Medium red

Discussion in 'Food Plots for Wildlife' started by Drycreek, Mar 2, 2019.

  1. Drycreek

    Drycreek Well-Known Member

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    I didn't want to hijack the red and white clover thread so here's my situation. Last fall I planted medium red clover in a wheat plot. I was there yesterday getting a soil test sample and I have lots of clover in that plot. Right now, the deer (and hogs) have it mowed like a golf course, but soon the wheat will take off as they quit using it so much, in fact I can tell that it's getting a little taller now.

    So here's my question. In, let's say, a month, do I just need to hit the wheat with cleth and kill it ? That should let the clover really flourish don't you think ? This is my maiden voyage with any annual clover and my intention is to reduce the "bare dirt" periods from two times a year to once. I can't throw and mow because of the hogs, but planting medium red or some other annual clover in the fall with my grain crop would at least keep something green in front of them from late September or early October until however long the clover can stand this ETexas heat, (and that remains to be seen). Any and all suggestions are welcome.

    This is the plot just a few days ago. image.jpeg
     
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  2. dogghr

    dogghr Well-Known Member

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    I just let my rye or wheat self terminate in the summer which is June for me, earlier for you. You can then mow it if you want, I don't, or leave it and do a rotation planting into the standing dead grain and active clover for a fall plot, with mowing or crimping grain on to new seed.. Some do choose to spray Cleth and terminate grains early. I'm just kinda lazy. Yours sure looks good regardless, more snow for me tomorrow .
     
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  3. Native Hunter

    Native Hunter Well-Known Member

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    No need to kill the grains. The medium red should just start taking over without anything. Plots below did not have grains terminated.

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  4. Mennoniteman

    Mennoniteman Well-Known Member

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    Location:
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    Looking at a nice stand of deer clover like yours does something for me, like some guys looking at a nice sports car.
     
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  5. suburbhunter

    suburbhunter Member

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    I planted awnless wheat and a few varieties of red and white clover last fall as well on 2ac. My thought is to let the wheat produce seed heads which will also feed the deer. Then mow the stalks but after looking at Natives pics, I guess I'll see I'll if the clover takes over.
     
  6. Drycreek

    Drycreek Well-Known Member

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    Native, that sounds like a plan to me except that I don't want to attract hogs with seed heads. Less work suits me as I have plenty to do in the spring season. I'll just see how it works out. Thanks guys...
     
  7. dogghr

    dogghr Well-Known Member

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    Thats pretty nice but where do you get the seed to grow those rifles?? Pretty cool. They must thrive off the N the clover around them is producing for such fine stainless.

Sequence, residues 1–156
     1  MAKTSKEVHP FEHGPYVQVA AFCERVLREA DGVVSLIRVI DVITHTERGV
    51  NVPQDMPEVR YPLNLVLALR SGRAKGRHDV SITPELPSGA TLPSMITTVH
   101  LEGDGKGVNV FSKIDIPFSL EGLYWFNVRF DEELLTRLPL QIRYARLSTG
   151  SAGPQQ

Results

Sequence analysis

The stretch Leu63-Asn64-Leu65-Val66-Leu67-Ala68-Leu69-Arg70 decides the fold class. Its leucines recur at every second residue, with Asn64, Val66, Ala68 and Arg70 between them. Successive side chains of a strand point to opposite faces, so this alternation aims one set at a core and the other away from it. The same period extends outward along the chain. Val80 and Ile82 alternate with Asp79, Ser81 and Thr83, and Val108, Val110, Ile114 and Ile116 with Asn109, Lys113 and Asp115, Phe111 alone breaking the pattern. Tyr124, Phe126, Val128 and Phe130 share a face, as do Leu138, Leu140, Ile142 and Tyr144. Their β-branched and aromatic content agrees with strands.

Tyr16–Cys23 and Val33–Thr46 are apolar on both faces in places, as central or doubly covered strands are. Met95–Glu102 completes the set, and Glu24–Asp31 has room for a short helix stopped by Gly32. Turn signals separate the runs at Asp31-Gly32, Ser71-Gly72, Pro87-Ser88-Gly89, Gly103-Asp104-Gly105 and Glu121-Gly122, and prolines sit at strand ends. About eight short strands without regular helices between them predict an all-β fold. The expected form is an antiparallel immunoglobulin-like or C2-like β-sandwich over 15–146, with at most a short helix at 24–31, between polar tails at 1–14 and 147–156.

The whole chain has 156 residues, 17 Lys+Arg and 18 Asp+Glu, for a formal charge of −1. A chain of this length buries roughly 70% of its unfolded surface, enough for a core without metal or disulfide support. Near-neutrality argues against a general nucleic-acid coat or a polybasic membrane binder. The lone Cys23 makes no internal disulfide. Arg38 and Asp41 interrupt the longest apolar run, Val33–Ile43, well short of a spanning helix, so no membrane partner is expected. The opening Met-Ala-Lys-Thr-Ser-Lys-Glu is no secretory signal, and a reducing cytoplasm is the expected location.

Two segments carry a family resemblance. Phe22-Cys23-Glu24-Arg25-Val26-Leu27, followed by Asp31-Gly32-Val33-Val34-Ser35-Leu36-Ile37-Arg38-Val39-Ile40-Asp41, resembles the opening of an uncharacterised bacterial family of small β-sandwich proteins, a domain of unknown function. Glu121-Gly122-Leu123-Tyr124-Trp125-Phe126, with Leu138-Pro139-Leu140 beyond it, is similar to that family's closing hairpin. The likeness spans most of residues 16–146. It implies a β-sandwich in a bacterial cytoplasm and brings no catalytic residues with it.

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  8. Native Hunter

    Native Hunter Well-Known Member

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    It's the next best thing to money that grows on trees......;)
     
  9. dogdoc

    dogdoc Moderator Staff Member

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    left grains also make some great fawning habitat also. NH--your clover field is a beautiful site.
    todd
     
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  10. SwampCat

    SwampCat Well-Known Member

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    Left grains at my place attract hogs. They come in and eat the heads off the wheat after they ripen. Doesnt seem to affect the clover.
     
  11. Doe Shooter

    Doe Shooter Active Member

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    What he said
     
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  12. SwampCat

    SwampCat Well-Known Member

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    Unfortunately, the taller wheat provides excellent fawning and nesting cover at the same time it goes to seed. The does and turkeys find the mixed clover/wheat ideal for fawning and nesting, and the wheat seed heads are beckoning all the coons and hogs to come to the same food plot.
     
  13. Drycreek

    Drycreek Well-Known Member

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    That's kinda what I'm afraid of too. Everything grain that I've ever planted attracted hogs when seed heads ripened. We already have plenty, so I'm thinking I'll go ahead and leave the wheat and see what happens. A couple sessions with the NV scope and the 6.8 will discourage them.
     
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  14. Chainsaw

    Chainsaw Well-Known Member

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    For us the grains do not seed out until ?/?July or later. I credit part of the higher than normal recruitment rate here with leaving the grains to grow to maturity. That of course is based on the assumption that the critters will hunt fawns where the grasses are shorter than ours and the fawns are easier to find.

    This is just another example where what works or doesn't work in one property can not be taken as a paradigm for all.
     
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